Lost edges look good in snow scenes.
Lost edges look good in snow scenes.

When hard edges are placed horizontally, they accelerate the movement of the viewer’s eye. When placed vertically, the eye of the viewer comes to a sudden stop.

Soft edges slow down horizontal lines and allow passage through vertical ones. Creating soft edges with a brush is easy; with a knife, not so much. That’s where the flicks and swirls I mentioned earlier come in play.

A mixture of hard and soft edges creates a type of movement like a driver operating a car with both the accelerator and brake at the same time. These stop and go edges are called  broken edges and are sometimes described as a Morse Code type of painting.

Lost edges are in water and atmosphere.
Lost edges are in water and atmosphere.

Lost edges are almost invisible edges and help keep the viewer’s attention focused on where the hard edges are. Lost edges play a major role of supporting hard edges, which, as I mentioned earlier, are often found in the main subject. You can see lost edges in the shadow areas of my paintings as well as in the main subjects. Using lost edges with hard edges lets the main subject look as though it is truly part of the scene, and not like it was cut out and pasted on. And equally important, lost edges keep the viewer’s eye flowing evenly from one area to another.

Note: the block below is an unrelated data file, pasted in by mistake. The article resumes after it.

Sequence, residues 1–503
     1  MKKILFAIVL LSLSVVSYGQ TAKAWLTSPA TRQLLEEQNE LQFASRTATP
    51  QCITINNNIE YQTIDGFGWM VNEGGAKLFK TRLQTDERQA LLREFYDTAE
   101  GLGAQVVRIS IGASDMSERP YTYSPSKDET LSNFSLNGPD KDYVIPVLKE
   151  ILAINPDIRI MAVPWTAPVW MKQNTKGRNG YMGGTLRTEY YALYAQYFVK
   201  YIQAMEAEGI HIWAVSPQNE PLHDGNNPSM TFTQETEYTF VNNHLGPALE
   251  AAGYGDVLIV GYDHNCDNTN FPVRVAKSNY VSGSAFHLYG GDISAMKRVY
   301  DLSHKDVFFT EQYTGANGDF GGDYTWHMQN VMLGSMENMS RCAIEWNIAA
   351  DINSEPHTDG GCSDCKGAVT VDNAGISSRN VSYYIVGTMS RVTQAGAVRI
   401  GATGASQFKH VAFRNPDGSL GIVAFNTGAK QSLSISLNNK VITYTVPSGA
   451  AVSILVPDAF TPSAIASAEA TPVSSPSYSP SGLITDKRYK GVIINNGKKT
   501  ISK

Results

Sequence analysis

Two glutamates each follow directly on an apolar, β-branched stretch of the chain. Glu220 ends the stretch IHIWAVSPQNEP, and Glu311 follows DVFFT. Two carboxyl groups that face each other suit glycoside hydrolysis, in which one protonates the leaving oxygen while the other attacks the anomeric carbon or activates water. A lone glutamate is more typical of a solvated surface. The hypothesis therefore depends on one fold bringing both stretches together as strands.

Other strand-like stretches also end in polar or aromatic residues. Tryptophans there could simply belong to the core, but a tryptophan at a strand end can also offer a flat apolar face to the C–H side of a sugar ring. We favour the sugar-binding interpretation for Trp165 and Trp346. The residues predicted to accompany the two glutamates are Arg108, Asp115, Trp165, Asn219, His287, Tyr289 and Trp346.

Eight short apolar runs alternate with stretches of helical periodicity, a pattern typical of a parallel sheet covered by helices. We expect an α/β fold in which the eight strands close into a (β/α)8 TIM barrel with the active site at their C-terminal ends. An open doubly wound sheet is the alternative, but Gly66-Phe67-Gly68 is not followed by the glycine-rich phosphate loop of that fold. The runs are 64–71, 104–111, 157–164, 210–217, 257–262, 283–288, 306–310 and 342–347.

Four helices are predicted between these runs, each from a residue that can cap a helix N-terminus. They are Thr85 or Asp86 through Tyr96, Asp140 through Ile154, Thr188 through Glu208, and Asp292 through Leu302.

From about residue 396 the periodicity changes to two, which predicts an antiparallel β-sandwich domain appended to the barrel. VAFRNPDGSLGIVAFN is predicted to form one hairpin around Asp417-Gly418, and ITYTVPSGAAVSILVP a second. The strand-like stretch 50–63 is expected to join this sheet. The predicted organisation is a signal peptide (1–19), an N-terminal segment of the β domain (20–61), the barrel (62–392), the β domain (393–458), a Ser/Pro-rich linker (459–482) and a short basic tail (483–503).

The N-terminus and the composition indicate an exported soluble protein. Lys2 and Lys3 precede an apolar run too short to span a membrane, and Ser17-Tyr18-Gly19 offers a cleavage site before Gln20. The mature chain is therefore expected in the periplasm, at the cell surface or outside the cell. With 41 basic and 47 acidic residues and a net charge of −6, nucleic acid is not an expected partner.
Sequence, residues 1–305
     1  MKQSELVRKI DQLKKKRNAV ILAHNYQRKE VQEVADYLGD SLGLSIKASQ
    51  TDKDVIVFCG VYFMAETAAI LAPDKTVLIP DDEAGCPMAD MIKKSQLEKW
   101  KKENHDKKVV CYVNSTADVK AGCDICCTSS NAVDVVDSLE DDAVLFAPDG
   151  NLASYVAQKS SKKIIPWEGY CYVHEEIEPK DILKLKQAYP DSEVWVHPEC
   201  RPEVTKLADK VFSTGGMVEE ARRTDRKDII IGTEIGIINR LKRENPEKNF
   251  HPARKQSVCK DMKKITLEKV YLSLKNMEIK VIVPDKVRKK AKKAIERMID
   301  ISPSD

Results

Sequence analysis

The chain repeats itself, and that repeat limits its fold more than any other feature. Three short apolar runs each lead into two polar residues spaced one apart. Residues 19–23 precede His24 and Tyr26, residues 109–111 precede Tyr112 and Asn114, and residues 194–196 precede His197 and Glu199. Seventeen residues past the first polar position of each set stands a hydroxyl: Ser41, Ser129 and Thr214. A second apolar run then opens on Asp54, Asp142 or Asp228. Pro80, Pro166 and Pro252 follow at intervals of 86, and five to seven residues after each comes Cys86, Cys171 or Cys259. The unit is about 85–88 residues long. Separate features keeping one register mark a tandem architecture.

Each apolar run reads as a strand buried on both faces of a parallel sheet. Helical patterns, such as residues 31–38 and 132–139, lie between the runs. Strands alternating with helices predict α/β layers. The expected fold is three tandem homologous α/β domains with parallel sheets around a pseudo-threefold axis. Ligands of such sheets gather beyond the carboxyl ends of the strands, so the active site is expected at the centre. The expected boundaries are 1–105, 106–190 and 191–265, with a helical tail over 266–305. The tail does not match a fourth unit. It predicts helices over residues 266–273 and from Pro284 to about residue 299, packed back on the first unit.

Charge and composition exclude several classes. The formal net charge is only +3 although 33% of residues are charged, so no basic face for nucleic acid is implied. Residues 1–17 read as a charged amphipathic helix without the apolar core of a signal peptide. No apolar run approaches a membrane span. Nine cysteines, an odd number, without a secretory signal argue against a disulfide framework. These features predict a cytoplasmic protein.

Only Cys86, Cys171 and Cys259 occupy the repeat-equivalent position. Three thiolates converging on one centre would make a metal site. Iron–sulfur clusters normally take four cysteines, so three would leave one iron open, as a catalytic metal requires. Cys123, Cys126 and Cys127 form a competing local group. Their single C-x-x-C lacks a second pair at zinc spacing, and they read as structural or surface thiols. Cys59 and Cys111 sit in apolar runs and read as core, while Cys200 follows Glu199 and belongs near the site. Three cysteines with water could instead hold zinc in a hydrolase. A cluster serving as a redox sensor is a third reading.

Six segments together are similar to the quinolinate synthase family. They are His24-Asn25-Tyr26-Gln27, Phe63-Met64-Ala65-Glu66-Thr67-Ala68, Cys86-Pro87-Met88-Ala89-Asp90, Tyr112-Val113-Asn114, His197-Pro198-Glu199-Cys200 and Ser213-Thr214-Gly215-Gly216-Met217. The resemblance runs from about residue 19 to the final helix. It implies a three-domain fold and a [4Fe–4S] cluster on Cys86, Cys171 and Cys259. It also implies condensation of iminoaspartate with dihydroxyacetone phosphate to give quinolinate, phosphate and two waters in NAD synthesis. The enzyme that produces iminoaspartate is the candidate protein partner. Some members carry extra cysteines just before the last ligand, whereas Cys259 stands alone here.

When painting lost edges, I find it’s important to use colors equal to or close to one another in value to keep contrasting values from creating hard value edges. Plus, to avoid hard chromatic edges, I use colors in the same temperature range. This unifies the elements of a painting and creates pathways, like light flowing from one room into another.

The paint dances across the field grass.
The paint dances across the field grass.

I recommend that every artist try doing an entire painting strictly with palette knives. Go ahead and give it a go. And most of all, have fun.

Drawings

I like to draw. Figure drawing, cartooning, doodling … you name it. Graphite pencils, pen and ink, inked brushes, wax color pencils, crayons, charcoal, chalk, pastels, various kinds of erasers, markers, styluses. Line drawing, shading, hatching, cross-hatching, broken hatching, stippling, entopic graphomania (you make a dot at the location of each imperfection in the drawing paper, then connect the dots using straight or curved lines) — the list could go on if I had more time.